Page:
Helping to improve joint replacement surgery
Arkan Sayed-Noor researches orthopaedic surgery. He examines which factors are the most important for successful results and has taken a particular interest in biomechanical and geometrical restoration after joint replacement surgery.
What are you researching?
“My research is closely tied to my clinical work as an orthopaedic surgeon. I’m especially interested in prosthetic hip and knee surgery, but my work as a supervisor for doctoral students at a regional hospital has really broadened my field. I’m proud of how we’ve established a vibrant research environment over the past decade at my former workplace, Sundsvall County Hospital.”
What do you hope to discover?
“I’m trying to ascertain what factors before, during and after orthopaedic surgery determine the success of the outcome. They include everything from the patient’s general state of health and lifestyle to the surgeon’s choice of method and to issues related to rehabilitation and complications. An important aspect of my research is studies of how biomechanical and geometrical restoration and prosthetic positioning after joint replacement affect the outcome in the form of gait, strength, pain and so on."
"One thing I have shown is that the results of the operation are better if the surgeon takes account of the fact that patients often have legs of slightly different length before surgery and a musculature that is adapted accordingly. I’ve also gradually become more interested in issues to do with the patient’s life quality and experiences. A small group of patients end up dissatisfied even though the operation was a medical success, and we need a better understanding of why this is.”
What has the move to KI meant to you?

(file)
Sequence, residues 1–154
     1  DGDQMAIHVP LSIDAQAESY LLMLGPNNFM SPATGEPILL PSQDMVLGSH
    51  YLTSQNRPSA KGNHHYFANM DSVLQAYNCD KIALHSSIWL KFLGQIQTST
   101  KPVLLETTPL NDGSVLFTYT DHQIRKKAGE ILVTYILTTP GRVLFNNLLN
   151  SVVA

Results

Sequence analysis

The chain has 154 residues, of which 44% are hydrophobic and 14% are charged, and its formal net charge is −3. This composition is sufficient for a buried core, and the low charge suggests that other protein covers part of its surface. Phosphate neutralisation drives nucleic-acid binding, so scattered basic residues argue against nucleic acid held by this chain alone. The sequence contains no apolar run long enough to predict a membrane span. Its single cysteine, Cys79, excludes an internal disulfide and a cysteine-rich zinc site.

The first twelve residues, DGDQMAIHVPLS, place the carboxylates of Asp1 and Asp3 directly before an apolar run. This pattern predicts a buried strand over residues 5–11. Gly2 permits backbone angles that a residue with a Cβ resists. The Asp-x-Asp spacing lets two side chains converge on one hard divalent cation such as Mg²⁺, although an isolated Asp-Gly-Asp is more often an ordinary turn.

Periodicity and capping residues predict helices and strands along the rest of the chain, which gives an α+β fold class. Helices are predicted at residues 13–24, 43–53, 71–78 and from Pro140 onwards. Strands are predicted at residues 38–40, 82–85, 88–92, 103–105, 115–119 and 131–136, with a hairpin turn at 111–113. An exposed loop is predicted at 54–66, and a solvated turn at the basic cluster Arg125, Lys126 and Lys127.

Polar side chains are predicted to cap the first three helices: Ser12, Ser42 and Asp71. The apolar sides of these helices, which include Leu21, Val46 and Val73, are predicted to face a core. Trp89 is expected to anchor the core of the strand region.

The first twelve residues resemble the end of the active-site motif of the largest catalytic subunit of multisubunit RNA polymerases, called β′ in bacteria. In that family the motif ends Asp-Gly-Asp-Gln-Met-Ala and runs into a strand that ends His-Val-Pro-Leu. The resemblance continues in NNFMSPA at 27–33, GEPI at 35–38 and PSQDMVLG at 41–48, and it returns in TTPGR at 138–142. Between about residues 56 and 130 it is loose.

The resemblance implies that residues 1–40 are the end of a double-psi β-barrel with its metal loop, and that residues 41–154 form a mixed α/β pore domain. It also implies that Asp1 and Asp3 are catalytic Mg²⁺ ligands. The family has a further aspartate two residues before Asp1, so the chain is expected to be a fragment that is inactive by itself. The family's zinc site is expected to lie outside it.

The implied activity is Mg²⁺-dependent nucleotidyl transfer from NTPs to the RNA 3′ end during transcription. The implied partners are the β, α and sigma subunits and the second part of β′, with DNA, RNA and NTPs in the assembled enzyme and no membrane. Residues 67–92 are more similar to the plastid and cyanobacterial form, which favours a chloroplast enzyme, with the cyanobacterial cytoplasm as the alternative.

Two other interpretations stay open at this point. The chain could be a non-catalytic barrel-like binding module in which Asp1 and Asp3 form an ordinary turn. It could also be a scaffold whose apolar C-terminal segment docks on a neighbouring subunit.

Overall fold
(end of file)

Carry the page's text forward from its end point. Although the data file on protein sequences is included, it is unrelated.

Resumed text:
“It’s a new chapter in my research career. I now have the privilege to lead a large KI research group at Stockholm South General Hospital, so to start with I’ll be putting a lot of my energy into getting to know the group and the work they’re doing. I’m also looking forward to developing collaborations with other parts of KI at a later date. Eventually, I’d love to get involved in preclinical research on osteoarthritis disease mechanisms, where orthopaedics overlaps with rheumatology, and I think it’ll be of benefit for research to take both perspectives.”
Professor of Orthopaedics at the Department of Clinical Research and Education, Stockholm South General (Söder) Hospital
Arkan Sayed-Noor was born in Baghdad, Iraq, in 1973. He graduated with a medical degree from Baghdad University in 1997 and received his Swedish MD licence in 2001. In 2008, Sayed-Noor obtained his PhD at Umeå University, where he remained as a researcher until February 2021. He was made docent in 2013 and professor in 2019.
As a clinician, Sayed-Noor worked at Sundsvall County Hospital from 2001 to 2021. He became a specialist in orthopaedics in 2008 and was made a consultant at Stockholm South General Hospital in February 2021. He is an examiner for the Fellowship Examination of the European Board of Orthopaedics and Traumatology (FEBOT).
Arkan Sayed-Noor was appointed Professor of Orthopaedics at Karolinska Institutet on 1 January 2021.
Text: Anders Nilsson
First published in the booklet From Cell to Society 2021